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Ivy the Kiwi has been released on Nintendo Wii and been provided for us to preview/review by the publisher.
Believe it or not we are still playing it. Here are some extracts of what we made of it in chronological order:
"Ivy the Kiwi plays as unusually as it looks. Simple vine stretching controls on both DS and Wii turn a basic platform game into a real puzzle as Prope prove once again that they are kings of the avant-garde..."
- Family Gamer (Fri, 19 Nov 2010)
Ivy the Kiwi continues Prope's relationship with childhood trauma. This time it's in fairy tale form with their inventive new platform game.
Ivy the Kiwi not only looks like a hand drawn fairy tale but addresses similar themes - loss, loneliness and abandonment. Dropped in a forest estranged from her parents and alone Ivy sets off on her platforming journey. It reminded us of Prope's previous game Let's Catch that had a similar sideways glance at unsettling childhood themes through the dialogue of each catching partner.
Players guide Ivy by drawing vines with the Wii-mote or DS stylus to create a safe passage through the 2D maze of platforms. Use alone or in combination, they can be used to solve puzzles as well as propel Ivy through the environment.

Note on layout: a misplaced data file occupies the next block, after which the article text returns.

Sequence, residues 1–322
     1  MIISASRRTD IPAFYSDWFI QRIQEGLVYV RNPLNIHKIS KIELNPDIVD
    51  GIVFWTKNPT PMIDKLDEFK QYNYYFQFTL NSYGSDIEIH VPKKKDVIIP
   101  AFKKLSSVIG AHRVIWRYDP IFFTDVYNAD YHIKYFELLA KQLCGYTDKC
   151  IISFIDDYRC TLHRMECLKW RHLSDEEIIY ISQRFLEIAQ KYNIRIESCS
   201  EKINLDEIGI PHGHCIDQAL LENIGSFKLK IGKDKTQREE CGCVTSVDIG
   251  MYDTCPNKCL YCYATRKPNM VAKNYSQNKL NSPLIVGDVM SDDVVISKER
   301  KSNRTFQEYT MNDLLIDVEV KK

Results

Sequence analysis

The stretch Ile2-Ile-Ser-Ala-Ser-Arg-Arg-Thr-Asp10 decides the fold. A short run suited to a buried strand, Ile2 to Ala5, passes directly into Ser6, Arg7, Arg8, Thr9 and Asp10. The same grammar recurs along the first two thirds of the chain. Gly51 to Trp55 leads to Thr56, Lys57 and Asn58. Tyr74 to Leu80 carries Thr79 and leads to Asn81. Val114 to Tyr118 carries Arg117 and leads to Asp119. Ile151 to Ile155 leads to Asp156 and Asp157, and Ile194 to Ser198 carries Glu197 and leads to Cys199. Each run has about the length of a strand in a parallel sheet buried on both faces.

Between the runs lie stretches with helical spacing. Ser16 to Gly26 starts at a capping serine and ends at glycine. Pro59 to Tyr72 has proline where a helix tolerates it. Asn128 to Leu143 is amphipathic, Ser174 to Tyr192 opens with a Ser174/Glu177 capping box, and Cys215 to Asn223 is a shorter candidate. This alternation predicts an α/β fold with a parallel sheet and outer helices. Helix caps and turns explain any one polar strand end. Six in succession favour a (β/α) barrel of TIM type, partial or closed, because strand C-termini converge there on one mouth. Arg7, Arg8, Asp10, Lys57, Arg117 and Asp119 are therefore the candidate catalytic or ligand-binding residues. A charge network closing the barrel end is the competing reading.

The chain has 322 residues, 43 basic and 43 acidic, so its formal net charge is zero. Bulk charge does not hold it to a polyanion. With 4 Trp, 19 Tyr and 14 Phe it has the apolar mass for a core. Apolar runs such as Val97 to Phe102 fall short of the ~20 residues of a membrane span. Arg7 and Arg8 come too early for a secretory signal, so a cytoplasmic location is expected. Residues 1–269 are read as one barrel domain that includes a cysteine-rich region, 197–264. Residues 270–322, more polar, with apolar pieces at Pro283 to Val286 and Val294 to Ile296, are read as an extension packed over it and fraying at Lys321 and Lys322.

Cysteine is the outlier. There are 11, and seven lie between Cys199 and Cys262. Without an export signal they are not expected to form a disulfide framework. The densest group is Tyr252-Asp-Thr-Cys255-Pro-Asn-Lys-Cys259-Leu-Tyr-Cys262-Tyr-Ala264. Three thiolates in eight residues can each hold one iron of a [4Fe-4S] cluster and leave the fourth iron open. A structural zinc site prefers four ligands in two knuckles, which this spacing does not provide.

Each of the 100 levels challenges players to traverse pits, spikes, rats or even monstrous raindrops. The vines can be drawn to stop Ivy falling to her death, but also to slingshot her to out of reach platforms.
The game comes from Yuji Naka, creator of Sonic the Hedgehog and looks to include action from that style of platform game along side a New Zealand Story aesthetic and Yoshi Touch and Go's platform drawing play mechanic.
With so many different perspectives it can be hard to know where to start - a little like walking into a crowded pub. Sorry about that.
But so far we've not found a way to streamline our review output - there's basically too much of it. So, rather than dilute things for newcomers we have decided to live with the hubbub while helping new readers find the columnists they will enjoy.
Our columnists each focus on a particular perspective and fall into one of the following types of gamers: